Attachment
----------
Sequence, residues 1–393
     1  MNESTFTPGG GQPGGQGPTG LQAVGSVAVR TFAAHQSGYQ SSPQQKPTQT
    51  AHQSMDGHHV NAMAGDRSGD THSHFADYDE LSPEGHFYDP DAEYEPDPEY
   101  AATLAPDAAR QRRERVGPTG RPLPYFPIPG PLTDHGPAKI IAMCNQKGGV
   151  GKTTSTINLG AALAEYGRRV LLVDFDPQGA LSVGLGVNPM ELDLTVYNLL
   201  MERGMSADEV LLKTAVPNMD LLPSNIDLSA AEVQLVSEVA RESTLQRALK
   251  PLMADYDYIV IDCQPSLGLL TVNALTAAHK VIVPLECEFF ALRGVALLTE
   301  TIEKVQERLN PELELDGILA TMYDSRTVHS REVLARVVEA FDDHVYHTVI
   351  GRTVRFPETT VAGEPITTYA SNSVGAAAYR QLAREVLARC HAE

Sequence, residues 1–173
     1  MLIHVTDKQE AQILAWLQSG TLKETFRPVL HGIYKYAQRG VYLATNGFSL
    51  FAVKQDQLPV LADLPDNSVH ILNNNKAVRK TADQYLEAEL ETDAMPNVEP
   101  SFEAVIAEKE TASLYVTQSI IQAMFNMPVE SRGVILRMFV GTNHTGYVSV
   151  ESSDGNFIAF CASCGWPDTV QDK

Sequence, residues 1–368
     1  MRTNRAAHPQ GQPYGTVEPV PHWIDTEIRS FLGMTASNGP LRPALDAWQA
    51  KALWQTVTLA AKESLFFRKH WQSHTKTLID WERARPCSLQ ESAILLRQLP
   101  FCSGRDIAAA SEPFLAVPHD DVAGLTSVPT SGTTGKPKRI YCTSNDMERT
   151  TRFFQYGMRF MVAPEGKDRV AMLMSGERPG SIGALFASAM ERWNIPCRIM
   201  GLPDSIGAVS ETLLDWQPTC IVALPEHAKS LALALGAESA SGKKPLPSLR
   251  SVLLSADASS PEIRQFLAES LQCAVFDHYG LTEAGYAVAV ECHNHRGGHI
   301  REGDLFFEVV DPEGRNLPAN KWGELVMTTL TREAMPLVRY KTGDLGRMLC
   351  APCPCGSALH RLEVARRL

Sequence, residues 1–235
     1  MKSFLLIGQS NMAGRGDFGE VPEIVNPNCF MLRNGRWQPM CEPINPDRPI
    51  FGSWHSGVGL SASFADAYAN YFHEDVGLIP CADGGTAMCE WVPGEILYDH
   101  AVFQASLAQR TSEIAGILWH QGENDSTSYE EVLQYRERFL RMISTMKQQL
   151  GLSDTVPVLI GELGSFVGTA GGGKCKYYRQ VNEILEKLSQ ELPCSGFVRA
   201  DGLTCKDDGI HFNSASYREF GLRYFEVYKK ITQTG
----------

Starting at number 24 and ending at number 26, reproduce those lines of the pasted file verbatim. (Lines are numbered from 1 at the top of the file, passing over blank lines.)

Sequence, residues 1–235
     1  MKSFLLIGQS NMAGRGDFGE VPEIVNPNCF MLRNGRWQPM CEPINPDRPI
    51  FGSWHSGVGL SASFADAYAN YFHEDVGLIP CADGGTAMCE WVPGEILYDH